Watching market developments over recent weeks I can't help thinking that the prepaid segment will be the one that makes or breaks the fortunes of mobile device manufacturers and network operators in Western Europe in 2008.
We saw a similar turn of events last year, with the prepaid market seeing renewed impetus as growth in the contract market slowed. Many consumers turned their backs on lengthening contract terms, while attractive tariffs, high-spec handsets and low prices all worked to reinvigorate sales of prepaid phones.
The postpaid segment has had a rough ride over the last couple of months as Western Europe takes the brunt of worsening economic conditions. Consumer electronics can of course remain insulated from wider economic conditions. Other markets, such as cosmetics and home improvements, often see the same trend. The difference is that a mobile phone contract means a lengthy financial commitment — something that's far from a priority when finances and job security are uncertain.
It's this that will drive operators and handset manufacturers to pay more attention to the prepaid market in the coming months. Holding on to prepaid customers is always a problem, but this segment is the best way to attract new subscribers and increase your share of the market. Lower handset subsidies also mean that acquisition costs are lower. A prepaid subscriber can be profitable for a network operator in weeks, compared with eight to 10 months or more for a contract customer with a high-end phone.
Although operators have largely focused elsewhere in the first half of this year (USB dongles and SIM-only deals spring to mind), I'm expecting the prepaid market to really heat up during the second half, thanks to developments like cheaper tariffs, low prices, the prepaid iPhone and the launch of Comes With Music on a prepaid phone.
Vodafone's prepaid tariffs in the UK now include unlimited texts, making them much more attractive. I'm certain that other operators will be quick to follow suit, making such tariffs the most competitive we've ever seen.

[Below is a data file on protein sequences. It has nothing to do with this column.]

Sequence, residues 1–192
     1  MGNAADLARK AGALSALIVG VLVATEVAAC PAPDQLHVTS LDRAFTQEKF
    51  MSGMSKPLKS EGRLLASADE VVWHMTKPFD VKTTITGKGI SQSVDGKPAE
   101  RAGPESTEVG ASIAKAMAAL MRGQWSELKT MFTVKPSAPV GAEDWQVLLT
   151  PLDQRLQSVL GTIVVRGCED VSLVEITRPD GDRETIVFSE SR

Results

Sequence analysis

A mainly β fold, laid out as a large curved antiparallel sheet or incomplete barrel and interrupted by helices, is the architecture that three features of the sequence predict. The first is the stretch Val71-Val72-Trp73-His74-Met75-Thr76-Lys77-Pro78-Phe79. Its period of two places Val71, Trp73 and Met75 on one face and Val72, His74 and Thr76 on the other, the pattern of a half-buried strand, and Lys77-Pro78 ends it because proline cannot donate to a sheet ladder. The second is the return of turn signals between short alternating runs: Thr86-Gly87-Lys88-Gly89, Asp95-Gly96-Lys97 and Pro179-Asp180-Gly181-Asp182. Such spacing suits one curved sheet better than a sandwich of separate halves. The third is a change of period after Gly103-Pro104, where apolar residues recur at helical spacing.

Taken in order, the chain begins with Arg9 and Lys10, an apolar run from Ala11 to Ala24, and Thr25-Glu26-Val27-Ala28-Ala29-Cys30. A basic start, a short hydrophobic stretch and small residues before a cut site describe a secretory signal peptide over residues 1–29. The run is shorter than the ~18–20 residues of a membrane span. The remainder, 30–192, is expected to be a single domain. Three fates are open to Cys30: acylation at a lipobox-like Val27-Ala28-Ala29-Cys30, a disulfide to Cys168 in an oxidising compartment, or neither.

Vodafone also recently announced its 527 Rainbow phone (shown right), which is manufactured by Sagem. Available in a variety of colours for less than £30 in the UK, it underlines just how low the prices of prepaid phones have fallen. At this level, I expect we'll see intense competition in the run-up to Christmas. Manufacturers with a strong range of mid-tier phones that cater to the prepaid market will be best placed to do well.
O2 confirmed last week that Apple's iPhone will be available on a prepaid tariff, and Nokia finally announced its first Comes With Music phone. It too is a prepaid model: the 5310 XpressMusic. Other commentators have expressed surprise and disappointment at the use of a prepaid phone, but I think it's a shrewd move that puts Nokia in an exceptionally strong position. It's redefining the mid-tier of the prepaid market and moving it beyond mere price and tariff. Some of Nokia's rivals will have to slash the price of phones that compete with the Comes With Music handset as they resort to price as the only way to differentiate their products.
The prepaid market is very different from the one of two years ago. Manufacturers and operators that still think prepay equals "can't pay" do so at their peril.